State-of-the-art batteries, will be at the heart of Europe’s green transition and already contribute to the decarbonisation of the EU economy. They hold key solutions for low-carbon technologies such as electric vehicles. The EU’s entire battery industry employs more than 30.000 people across 14 countries. Further developing an independent European battery ecosystem would allow the Union to play an important role in a market which is projected to grow to EUR 250 billion/year by 2025. Additionally, a secure local battery capacity would boost the European automotive industry and safeguard thousands of jobs.
However, battery energy storage in Europe – still in the early phases of its development – is facing challenges in manufacturing, shipping, and R&D due to the economic fall-out of the Coronavirus pandemic. Critical battery components are manufactured in China, either by domestic or international producers, and car makers in Europe suffer from severe disruptions to their supply chain. As a consequence, European car manufacturers had to lower their production already before the COVID-19 crisis hit Europe because they ran short in supplies of battery cells.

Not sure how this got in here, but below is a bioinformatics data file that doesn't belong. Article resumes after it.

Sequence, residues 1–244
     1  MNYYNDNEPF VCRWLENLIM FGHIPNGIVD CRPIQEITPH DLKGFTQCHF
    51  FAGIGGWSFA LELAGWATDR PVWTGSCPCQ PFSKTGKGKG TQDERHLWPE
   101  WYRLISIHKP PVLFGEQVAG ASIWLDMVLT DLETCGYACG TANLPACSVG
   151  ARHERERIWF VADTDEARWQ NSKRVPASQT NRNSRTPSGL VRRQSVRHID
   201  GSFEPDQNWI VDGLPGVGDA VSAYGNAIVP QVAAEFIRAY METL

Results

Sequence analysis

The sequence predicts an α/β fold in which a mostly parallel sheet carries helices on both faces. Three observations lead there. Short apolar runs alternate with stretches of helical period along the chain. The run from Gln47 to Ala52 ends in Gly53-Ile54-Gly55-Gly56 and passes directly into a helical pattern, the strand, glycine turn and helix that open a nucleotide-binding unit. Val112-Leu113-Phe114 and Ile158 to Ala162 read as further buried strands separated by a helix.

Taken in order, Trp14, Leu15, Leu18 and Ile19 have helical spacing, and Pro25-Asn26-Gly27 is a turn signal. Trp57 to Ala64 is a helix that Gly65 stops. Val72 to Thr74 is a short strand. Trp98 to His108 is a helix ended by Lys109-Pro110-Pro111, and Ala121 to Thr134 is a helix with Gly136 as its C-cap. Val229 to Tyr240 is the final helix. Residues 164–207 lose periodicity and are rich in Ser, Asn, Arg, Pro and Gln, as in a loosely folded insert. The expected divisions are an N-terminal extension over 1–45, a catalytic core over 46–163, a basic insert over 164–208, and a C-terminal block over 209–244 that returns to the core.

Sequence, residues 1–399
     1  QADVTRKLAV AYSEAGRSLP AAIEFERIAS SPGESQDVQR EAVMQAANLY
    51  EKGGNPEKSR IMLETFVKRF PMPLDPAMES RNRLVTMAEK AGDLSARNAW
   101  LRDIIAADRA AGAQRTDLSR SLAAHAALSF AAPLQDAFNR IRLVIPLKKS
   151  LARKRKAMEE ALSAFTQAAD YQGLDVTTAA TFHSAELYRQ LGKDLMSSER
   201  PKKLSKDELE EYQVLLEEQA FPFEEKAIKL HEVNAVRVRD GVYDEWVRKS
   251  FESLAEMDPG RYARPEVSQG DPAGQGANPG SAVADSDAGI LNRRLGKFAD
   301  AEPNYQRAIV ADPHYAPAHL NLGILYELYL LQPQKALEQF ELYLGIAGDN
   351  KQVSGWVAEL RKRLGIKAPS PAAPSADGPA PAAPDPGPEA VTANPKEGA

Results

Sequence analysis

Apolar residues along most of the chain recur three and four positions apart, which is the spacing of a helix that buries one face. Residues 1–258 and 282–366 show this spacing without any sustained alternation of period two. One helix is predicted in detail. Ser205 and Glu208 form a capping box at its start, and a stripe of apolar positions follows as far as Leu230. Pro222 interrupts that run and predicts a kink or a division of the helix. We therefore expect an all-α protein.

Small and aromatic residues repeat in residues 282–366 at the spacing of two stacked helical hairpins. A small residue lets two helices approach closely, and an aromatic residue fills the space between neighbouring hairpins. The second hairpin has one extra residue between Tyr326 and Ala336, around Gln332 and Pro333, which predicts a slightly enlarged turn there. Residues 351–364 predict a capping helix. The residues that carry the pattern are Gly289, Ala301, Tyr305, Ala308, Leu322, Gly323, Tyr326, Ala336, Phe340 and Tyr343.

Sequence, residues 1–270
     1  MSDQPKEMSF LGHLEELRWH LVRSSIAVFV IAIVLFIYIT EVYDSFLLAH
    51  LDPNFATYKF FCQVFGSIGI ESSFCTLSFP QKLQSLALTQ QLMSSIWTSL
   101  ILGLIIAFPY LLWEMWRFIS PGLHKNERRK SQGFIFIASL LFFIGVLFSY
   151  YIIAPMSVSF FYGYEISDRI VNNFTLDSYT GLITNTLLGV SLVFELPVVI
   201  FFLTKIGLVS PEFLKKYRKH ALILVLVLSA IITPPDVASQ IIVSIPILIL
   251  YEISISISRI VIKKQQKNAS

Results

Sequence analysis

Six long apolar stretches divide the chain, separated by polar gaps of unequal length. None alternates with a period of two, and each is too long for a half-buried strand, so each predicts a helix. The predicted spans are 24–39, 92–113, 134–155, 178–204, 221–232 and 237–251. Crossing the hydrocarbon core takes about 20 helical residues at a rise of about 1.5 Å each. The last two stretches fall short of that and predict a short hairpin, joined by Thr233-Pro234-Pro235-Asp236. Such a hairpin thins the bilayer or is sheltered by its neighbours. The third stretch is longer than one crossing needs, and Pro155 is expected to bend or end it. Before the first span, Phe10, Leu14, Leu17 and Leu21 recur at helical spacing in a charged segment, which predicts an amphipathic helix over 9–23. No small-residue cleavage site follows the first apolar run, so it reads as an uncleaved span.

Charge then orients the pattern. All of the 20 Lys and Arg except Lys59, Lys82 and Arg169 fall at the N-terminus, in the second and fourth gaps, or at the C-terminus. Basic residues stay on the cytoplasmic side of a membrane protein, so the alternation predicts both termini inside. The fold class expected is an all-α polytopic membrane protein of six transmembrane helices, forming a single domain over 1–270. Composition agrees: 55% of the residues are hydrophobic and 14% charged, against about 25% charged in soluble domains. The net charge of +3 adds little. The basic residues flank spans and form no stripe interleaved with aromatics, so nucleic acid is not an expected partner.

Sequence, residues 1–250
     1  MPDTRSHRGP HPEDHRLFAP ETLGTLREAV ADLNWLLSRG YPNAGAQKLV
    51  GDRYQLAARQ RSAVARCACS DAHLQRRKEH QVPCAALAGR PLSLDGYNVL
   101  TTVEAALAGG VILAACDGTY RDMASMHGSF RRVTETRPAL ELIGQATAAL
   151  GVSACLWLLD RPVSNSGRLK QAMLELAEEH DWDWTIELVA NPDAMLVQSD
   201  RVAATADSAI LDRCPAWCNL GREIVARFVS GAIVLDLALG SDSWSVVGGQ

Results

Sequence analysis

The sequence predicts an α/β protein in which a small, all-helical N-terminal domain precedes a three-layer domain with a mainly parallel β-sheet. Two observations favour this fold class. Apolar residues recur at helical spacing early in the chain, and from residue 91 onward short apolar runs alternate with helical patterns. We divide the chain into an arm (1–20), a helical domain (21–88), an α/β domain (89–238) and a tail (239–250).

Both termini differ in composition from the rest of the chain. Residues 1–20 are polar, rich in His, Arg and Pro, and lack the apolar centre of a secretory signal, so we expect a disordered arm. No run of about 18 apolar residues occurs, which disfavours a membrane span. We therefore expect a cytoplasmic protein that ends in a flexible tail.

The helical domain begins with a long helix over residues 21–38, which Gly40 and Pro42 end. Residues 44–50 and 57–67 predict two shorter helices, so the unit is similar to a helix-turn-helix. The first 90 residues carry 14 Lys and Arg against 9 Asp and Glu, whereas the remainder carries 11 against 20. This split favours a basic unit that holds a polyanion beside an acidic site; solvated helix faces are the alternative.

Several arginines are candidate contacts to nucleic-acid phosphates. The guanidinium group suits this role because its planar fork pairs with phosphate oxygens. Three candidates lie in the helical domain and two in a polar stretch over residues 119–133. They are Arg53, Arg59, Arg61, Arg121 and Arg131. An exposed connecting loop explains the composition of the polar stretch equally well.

The European Battery Alliance (EBA) was launched in October 2017 by European Commission Vice President Maroš Šefčovič. EBA brings together more than 400 industrial and innovation actors who strive to ensure that all Europeans benefit from safer traffic, cleaner vehicles and more sustainable technological solutions.
Climate financing by seven of the world’s largest multilateral development banks (MDBs) accounted for $61.6 billion in 2019, of which $41.5 billion (67%) was in low- and middle-income economies, according to the 2019 Joint Report on Multilateral Development Banks’ Climate Finance. The study expands the scope of reportingfor the first timeto all countries of operation. It now provides data on MDB climate finance commitments beyond those directed solely at developing and emerging economies, but with the focus remaining on low- and middle-income countries.
The EIB is set to support the development of new treatments for progressive vascular calcification, an area of significant unmet medical need where there are currently no approved treatments. To this end, the EU bank will provide a €20 million loan to Spanish biopharmaceutical company Sanifit, which is developing novel treatments in two disease indications linked to calcification.
The EIB and Italian biotech company EryDel SpA have signed a contract to provide a loan of €30 million to EryDel. This late-stage biotech company aims to develop and commercialise therapies based on its proprietary RBC technology for the treatment of rare diseases. The EU bank’s loan is backed by a guarantee from the European Fund for Strategic Investments (EFSI), the main pillar of the Investment Plan for Europe under which the EIB and the European Commission are working together as strategic partners, with the EIB’s financing operations boosting the competitiveness of the European economy.